After decades of skewing increasingly to the right, Americans now find themselves listing to the left…?
George Bush: Worst. President. Ever? After 9/11, George Bush mired the United States in two of the longest wars in the country’s history. Initially, the Bush administration promised that the calamitous Iraq war would be brief and cost “only” $60 billion or so. This figure was off by, oh, $2 – $6 trillion or so. And let’s not forget the worst economic meltdown in 80 years in 2008, which left the country (and President Obama) with 10%-plus unemployment and required a Federal bailout of “too-big-to-fail” banks and corporations. No, two-term President Bush was not a popular man upon leaving the presidency–and the country–in such a mess. Ironically, his failures were nearly immediately blamed on President Obama by an angry, regressive wing of the republican party that called itself the Tea party.
In 2009, the Tea Party became the President’s nemesis. By now, it’s a matter of history: a groundswell that appeared to be “grassroots” organizing against high taxes and big government, was actually “astroturf”-funded by the likes of the Koch brothers. The Tea Party was successful; they moved the republican party to the far right, and held their leaders’ feet to the regressive fire so that any governance became anathema to the GOP. In fact, any initiatives from the president such jobs bills, infrastructure bills, veterans bills–anything that helped people (other than the wealthy) were DOA under the Tea Party-controlled Congress, starting in 2010.
That the GOP majority in Congress would thwart the president’s agenda every step of the way was codified in a press conference in which Sen. Majority Leader Mitch McConnell bragged that the GOP’s “top political priority” was to ensure that the president not be elected to a second term. Not healthcare, not jobs, not veterans affairs, not the country’s crumbling infrastructure, but preventing the president from being re-elected. Of course, that’s not what they were paid to do then, nor is it their sanctioned job to this day, but they certainly have acted like it is. The litany of headlines of GOP “actions” during Obama’s presidency looks like a laundry list of ineptitude and misguided actions:
- GOP shuts down government for 17 days which did nothing but cost money
- GOP kills veterans healthcare and education bill
- GOP kills President’s $478 billion infrastructure and jobs bill
- GOP passes bill that repeal estate tax; would add $269 billion to deficit
- GOP votes to repeal Obamacare 62 times
We could go on, but why bother? The Google has more answers if you’re of a mind. The truth of the matter is the republicans were in charge of the Senate for the past two years, and in charge of the House for the past six years. What they did with this legislative advantage was…not much. Nearly every time the president offered a compromise, the response was the same, resoundingly so: “NO, Mr. President.”
Domestic Policy: Go Left Young Man–and Woman. The Tea Party-fronted GOP has made it clear that it will not let the Supreme Court stop it from diminishing a woman’s Constitutional right to choose by instituting state laws that make getting an abortion more difficult. They’ve also instituted gun laws at the state that have frightened many, including “stand your ground” and concealed carry laws in places such as bars, college campuses, and other public areas. Congressional republicans have also attempted to defund Planned Parenthood, an organization that has provided reproductive and health services to an estimated one out of every five women in the United States. Global warming has been repeatedly called a hoax by the GOP, even though those liberal hippy-types at the Department of Defense are preparing for the impacts of climate change. These are but a few of the areas where the GOP has veered to the far right; but there are other areas that have pushed people to embrace a more progressive political view, including the killing of people of color. These issues resonate with young people. Environmentalism is a critical issue for young people, and it’s perceived to be a “liberal” cause, because the ideological right tends to favor corporatist energy policies (oil, fracking, nuclear) with minimal regulation, compared to more liberal views that engender green energy (solar, wind, etc.). Interestingly, Gallup indicates that 60% of Americans want more of a focus on renewable energy compared to 30% who want to continue oil and gas extraction.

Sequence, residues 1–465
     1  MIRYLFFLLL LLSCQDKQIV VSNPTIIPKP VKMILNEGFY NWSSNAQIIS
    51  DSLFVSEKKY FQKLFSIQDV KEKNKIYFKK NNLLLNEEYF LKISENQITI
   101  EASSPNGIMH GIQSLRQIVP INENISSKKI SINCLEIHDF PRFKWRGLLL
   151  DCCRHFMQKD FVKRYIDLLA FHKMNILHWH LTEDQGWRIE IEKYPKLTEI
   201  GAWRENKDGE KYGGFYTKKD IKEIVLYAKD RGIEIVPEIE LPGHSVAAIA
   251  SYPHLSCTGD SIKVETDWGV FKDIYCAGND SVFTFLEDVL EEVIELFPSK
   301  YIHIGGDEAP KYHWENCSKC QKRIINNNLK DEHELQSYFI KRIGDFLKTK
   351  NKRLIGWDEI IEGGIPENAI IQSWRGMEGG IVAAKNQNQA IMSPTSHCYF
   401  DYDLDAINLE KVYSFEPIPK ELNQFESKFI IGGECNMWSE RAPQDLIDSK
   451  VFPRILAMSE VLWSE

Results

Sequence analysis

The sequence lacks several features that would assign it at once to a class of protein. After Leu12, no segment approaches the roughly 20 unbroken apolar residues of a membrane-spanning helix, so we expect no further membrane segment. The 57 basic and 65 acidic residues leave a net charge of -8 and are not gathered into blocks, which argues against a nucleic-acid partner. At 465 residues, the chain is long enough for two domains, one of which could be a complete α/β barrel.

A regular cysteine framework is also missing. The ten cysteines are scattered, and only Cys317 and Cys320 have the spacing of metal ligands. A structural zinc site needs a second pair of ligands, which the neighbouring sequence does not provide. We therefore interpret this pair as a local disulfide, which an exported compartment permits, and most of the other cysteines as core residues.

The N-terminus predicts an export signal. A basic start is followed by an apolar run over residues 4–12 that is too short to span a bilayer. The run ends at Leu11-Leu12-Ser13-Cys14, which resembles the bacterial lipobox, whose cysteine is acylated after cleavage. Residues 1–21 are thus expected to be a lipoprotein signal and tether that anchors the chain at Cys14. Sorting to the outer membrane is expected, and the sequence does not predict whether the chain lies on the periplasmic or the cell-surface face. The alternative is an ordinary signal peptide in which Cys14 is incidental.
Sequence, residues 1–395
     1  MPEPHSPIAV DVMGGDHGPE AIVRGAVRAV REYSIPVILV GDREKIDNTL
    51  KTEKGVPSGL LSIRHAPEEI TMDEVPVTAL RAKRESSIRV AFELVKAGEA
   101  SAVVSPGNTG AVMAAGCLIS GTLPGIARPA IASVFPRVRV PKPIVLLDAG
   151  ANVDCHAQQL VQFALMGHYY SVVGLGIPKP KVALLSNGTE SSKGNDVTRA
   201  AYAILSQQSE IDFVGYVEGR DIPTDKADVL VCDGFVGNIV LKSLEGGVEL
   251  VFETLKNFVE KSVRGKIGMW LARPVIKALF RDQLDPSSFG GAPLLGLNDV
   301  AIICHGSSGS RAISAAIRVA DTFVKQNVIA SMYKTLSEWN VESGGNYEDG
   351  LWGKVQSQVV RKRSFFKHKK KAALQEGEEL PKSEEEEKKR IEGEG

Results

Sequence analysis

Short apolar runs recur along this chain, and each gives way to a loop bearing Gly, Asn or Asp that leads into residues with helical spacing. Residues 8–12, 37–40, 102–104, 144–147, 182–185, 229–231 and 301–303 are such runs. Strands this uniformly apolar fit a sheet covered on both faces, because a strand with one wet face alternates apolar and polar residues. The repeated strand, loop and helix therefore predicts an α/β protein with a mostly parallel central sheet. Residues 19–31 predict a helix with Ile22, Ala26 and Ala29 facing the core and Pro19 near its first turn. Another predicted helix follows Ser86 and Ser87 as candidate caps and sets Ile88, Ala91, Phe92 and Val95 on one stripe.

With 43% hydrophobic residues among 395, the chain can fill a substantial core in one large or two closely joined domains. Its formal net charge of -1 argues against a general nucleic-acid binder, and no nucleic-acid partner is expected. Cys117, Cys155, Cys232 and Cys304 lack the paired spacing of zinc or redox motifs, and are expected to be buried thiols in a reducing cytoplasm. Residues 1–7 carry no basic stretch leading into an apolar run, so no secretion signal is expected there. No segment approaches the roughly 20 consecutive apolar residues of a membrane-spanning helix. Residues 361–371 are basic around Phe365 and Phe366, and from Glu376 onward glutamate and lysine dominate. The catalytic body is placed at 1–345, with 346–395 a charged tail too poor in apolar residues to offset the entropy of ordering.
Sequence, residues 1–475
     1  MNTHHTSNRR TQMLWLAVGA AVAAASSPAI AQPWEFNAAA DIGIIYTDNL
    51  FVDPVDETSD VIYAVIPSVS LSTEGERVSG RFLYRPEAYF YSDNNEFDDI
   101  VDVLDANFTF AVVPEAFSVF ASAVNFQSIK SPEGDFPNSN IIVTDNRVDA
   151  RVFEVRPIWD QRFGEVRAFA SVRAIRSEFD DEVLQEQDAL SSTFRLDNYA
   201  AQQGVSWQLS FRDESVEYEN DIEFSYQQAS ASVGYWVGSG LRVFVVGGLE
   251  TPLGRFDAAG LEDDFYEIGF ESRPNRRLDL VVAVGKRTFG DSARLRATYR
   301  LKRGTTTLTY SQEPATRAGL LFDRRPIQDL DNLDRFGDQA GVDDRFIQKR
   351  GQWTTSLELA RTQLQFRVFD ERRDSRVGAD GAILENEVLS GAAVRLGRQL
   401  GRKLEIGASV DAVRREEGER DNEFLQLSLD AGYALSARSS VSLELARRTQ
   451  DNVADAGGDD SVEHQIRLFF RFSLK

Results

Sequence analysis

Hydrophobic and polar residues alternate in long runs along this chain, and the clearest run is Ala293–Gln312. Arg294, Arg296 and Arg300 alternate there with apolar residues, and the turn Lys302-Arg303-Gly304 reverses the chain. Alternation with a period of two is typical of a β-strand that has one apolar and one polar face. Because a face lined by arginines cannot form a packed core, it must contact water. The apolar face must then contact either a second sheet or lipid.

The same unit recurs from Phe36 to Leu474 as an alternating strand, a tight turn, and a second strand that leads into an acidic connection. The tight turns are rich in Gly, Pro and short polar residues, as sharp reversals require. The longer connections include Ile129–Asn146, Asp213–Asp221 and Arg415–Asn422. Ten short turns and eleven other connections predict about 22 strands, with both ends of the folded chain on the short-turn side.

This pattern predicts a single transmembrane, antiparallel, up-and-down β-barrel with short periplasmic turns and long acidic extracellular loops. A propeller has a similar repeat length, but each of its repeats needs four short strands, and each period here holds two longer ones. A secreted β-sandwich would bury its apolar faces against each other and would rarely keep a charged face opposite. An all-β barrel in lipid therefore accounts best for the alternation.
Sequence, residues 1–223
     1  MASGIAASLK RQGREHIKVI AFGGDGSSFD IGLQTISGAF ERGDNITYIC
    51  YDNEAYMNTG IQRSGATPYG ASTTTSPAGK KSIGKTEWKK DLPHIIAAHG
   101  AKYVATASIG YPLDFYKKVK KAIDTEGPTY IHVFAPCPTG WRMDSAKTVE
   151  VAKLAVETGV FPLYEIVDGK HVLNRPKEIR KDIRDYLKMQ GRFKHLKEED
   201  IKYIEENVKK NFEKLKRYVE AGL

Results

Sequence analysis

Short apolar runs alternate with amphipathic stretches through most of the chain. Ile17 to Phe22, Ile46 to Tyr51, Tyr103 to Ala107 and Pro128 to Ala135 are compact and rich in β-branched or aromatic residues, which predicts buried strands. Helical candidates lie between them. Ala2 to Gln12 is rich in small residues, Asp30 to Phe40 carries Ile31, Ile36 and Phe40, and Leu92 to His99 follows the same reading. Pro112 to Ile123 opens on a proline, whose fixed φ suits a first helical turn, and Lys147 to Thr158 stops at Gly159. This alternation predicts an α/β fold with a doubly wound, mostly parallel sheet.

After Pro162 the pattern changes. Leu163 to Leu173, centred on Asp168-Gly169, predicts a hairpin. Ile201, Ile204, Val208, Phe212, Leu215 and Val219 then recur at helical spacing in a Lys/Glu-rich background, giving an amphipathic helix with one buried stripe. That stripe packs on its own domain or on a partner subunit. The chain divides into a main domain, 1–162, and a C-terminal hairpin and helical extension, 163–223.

Black Lives Matter. For example many high-profile attacks on black people resulting in deaths or injury by the police in this country have led to a great deal of outrage including black lives matter movement. The deaths of several African Americans, including the shootings of Trayvon Martin in Florida and Michael Brown in Missouri; the arrest and subsequent (apparent) suicide of Sandra Bland in Texas; the choking death of Eric Garner in New York; the the killing of Freddie Gray in Baltimore who died in police custody nonetheless; and the death of Walter Scott in South Carolina who was shot in the back by police officer all spurred outrage at the speed of social media including Twitter, Facebook, and YouTube. This fueled outrage against a system of justice that many feel doesn’t mete out justice for all people equally, and actually targets black people significantly more than white people for the same offenses.
Gay Rights. In 2015, the Supreme Court of the United States affirmed the right of gay people to get married. As of this writing, it’s legal to get gay-married in _____ states. This is something that LGBTQ advocates have been fighting for for decades, and has been one of the “NO!” planks of the GOP platform for a long time. Millennials have less of a problem with gay rights than older people, and overall, polls indicate that_______________.
Bernin’ Down the House. Bernie Sanders channeled the discontent of many progressives who feel that the system is rigged for the wealthiest and those who “already got mine.” Why is that? Well, he appeals to traditional values of progressives like Franklin D. Roosevelt…etc. [insert piece on this]